The Office of Federal Housing Enterprise Oversight announced last Wednesday that any downward revision to the 2007 conforming limits that are due to dropping home prices would be deferred for one year. This means that, contrary to earlier Street projections, the conforming loan limits will remain unchanged next year.
In a press release, OFHEO outlined the procedures for determining the 2007 conforming loan limits, making it evident that the conforming loan limit will hold at $417,000 for now. The GSE governing body also clarified how the October-to-October price change would affect the maximum loan limits.
"If house prices fall, loan limits should reflect that, but we need to ensure an orderly and transparent process for any downward adjustment," OFHEO Director James Lockhart said. "We want to make sure that guidance exists to avoid disrupting the end-of-year pipeline of mortgages or the market for mortgage-backed securities."
Before the announcement, Street analysts were already projecting that these limits would be dropping, basing their projections on home prices that declined over the October 2005 through September 2006 period. Specifically, single-family home prices have declined 3.1% during this time span.
Conforming loan limits for an upcoming year are determined by the October-to-October percentage increase in the average house price as reported by the Federal Housing Finance Board. Based on this and expectations of further deterioration in October home prices, some Street analysts were expecting a decline in the 2007 conforming loan limit to around $404,000 from 2006's $417,000.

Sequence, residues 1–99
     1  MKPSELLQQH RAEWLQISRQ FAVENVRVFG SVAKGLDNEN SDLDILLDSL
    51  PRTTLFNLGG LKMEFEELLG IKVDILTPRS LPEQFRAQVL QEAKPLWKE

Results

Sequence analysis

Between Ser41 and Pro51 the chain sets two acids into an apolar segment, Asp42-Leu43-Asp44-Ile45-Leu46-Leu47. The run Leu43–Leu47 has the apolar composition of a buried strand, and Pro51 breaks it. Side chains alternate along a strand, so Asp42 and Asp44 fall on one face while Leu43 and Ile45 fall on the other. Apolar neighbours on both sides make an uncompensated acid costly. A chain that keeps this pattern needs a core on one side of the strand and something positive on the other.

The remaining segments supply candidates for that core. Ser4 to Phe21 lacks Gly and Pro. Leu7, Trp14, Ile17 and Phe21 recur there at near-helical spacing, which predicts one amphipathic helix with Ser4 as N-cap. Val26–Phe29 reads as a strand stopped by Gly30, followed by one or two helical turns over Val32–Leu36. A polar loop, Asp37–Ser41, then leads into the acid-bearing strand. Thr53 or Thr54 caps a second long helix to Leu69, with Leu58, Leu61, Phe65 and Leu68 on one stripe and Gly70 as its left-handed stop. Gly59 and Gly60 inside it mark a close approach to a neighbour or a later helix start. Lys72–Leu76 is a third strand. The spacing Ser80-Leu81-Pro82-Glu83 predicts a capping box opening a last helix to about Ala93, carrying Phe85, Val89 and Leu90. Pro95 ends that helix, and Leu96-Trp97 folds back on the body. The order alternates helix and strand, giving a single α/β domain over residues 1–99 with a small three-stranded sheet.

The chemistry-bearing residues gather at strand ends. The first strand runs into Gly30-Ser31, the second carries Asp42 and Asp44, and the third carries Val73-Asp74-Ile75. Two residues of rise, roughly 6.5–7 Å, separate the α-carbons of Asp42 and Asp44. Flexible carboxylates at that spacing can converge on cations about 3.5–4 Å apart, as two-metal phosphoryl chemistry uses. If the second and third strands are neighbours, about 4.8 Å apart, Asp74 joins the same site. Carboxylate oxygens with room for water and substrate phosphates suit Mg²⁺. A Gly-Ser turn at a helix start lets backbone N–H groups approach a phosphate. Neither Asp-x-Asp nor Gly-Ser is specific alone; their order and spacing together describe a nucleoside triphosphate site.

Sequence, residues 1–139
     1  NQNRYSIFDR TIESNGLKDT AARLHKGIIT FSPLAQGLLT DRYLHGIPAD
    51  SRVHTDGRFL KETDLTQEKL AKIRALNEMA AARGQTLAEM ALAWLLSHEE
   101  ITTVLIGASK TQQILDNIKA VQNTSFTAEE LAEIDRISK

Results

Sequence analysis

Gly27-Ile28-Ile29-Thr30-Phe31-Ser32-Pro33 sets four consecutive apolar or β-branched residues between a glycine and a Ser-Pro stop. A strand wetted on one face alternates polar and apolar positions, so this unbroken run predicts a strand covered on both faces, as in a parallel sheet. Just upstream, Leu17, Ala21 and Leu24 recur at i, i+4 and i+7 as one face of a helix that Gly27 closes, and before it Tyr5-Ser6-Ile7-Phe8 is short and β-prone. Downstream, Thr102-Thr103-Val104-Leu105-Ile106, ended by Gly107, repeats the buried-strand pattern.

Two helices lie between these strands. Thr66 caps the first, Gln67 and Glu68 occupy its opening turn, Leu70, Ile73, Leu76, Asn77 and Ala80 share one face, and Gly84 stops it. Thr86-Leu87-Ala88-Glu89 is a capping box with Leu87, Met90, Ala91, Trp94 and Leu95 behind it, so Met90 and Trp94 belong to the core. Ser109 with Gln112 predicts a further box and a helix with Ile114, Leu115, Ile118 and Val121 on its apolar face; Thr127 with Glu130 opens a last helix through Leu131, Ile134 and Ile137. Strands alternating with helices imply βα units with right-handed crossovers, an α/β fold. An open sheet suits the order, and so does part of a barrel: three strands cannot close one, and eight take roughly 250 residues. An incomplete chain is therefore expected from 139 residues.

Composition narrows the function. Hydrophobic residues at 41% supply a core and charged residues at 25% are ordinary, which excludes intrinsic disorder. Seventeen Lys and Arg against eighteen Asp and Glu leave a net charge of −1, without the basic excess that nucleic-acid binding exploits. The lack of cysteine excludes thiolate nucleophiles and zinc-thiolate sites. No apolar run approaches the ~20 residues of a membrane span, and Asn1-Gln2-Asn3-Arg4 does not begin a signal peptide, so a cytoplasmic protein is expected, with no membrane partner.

This especially seemed likely as OFHEO took over the responsibility of calculating the conforming loan limits beginning in 2004, partly because of the GSE's failure to take into account the home price declines in the mid-1990s.
The OFHEO calculated the limits based on the following criteria. If the average October 2006 price exceeds that of October 2005, the maximum conforming limits will be adjusted upward by the percentage increase in price. If the October-to-October increase is negative, its effect on the maximum conforming limits will be deferred for one year. Furthermore, OFHEO said that the decrease would be netted against any increase next year for determining the 2008 limits. If prices drop again next year, then the maximum loan limit would dip in 2008 by at least this year's percentage decline in average prices.
OFHEO said it would provide more detailed guidance early next year for determining conforming loan limits for 2008 and forward. OFHEO is set to announce the 2007 conforming loan limit on the morning of Nov. 28, following the release of the FHFB October home price survey at 8:30 a.m. on the same day.
In a previous report, Barclays Capital analysts had discussed the potential impact of a reduction in the conforming loan limit, including a likely rush to securitize by yearend December 2006 loans that were slightly below the 2006 limit ($417,000) but above the 2007 limit. They had also estimated that about $2 billion per month of issuance would move to private-label jumbo MBS from agency MBS.
However, based on OFHEO's clarification, it would appear these are no longer issues. Also, the stay in the conforming loan limit should prevent the typical acceleration in jumbo prepayments that occurs in the first few months of a year when those borrowers have been previously presented with the opportunity to refinance into a conforming loan, Barclays analysts added.
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